A constraint is a rule which a jointA physics component allowing a dynamic connection between Rigidbody components, usually allowing some degree of movement such as a hinge. More info
See in Glossary will try to ensure isn’t permanently broken. There are different types of constraints, and all joints provide at least one constraint that apply to and govern the RigidbodyA component that allows a GameObject to be affected by simulated gravity and other forces. More info
See in Glossary 2D behavior. Some constraints limit behavior such as ensuring a Rigidbody stays on a line, or in a certain position. Some are ‘driving’ constraints which actively compel a Rigidbody GameObjectThe fundamental object in Unity scenes, which can represent characters, props, scenery, cameras, waypoints, and more. A GameObject’s functionality is defined by the Components attached to it. More info
See in Glossary to behave in a certain way, such as trying to make a GameObject maintain a certain speed.
Unity’s physics system expects that constraints can be temporarily broken, such as when the objects move further apart than their set distance constraint or move faster than their set speed constraint. When a constraint isn’t broken, the joint doesn’t apply any forces. When a constraint is broken, the joint applies forces to fix the constraint.
For example, with ‘driving’ constraints, the joint applies forces to maintain the distance or ensure the speed set by the constraint. While this application of force is typically performed quickly, it doesn’t always instantly fix the constraint and instead it fixes the constraint gradually over time. This can lead to joints appearing to stretch or appear less rigid. The lag happens because the physics system is trying to apply joint forces to fix constraints, while other physics forces are simultaneously still acting to break those same constraints. In addition to the conflicting forces acting on GameObjects, some joints are more stable and react faster than others.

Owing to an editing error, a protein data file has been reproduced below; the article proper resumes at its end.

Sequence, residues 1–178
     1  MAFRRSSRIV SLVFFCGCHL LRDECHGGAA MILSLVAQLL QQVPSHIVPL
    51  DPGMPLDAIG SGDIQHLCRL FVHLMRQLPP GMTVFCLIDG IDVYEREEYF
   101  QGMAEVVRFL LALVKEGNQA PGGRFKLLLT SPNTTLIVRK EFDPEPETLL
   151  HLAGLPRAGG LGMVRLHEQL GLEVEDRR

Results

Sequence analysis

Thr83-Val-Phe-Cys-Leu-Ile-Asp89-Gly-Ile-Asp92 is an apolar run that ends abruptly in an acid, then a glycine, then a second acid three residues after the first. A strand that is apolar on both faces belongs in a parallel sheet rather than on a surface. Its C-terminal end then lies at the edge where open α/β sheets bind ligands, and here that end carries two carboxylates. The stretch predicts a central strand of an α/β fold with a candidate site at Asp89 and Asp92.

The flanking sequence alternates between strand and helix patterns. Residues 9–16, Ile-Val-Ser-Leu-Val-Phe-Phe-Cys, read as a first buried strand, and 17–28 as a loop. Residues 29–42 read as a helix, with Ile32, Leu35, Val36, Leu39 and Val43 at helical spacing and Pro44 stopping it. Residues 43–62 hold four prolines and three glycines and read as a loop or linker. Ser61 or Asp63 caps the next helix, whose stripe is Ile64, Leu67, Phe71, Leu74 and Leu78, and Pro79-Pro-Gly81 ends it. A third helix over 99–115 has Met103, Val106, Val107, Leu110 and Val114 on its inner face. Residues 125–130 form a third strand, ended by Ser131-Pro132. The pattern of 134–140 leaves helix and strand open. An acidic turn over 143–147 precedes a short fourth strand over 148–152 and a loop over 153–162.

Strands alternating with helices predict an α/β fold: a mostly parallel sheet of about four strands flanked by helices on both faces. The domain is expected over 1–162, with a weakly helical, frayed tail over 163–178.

Whatever constraints the joint provides, the joint only uses forces to fix the constraint. These are either a linear (straight line) force or angular (torque) force.
Tip: It’s recommended to be cautious when applying large forces to Rigidbody objects that have joints attached, especially those with large masses, due to the conflicting forces acting on joints.
All joints are able to monitor the force or torque that they’re applying to stay within its own constraints. Some joints monitor both force and torque while others monitor only force. This informs you of when a joint exceeds a specific force or torque in trying to maintain its constraints, and you can specify these thresholds as
Joint2D.breakTorque. When a joint exceeds these thresholds, it’s known as joint breaking.
You can specify the action to be taken when a joint breaks with
Joint2D.breakAction. The default break action is to destroy the Joint2D component, and you can refer to
JointBreakAction2D for other available fixed actions.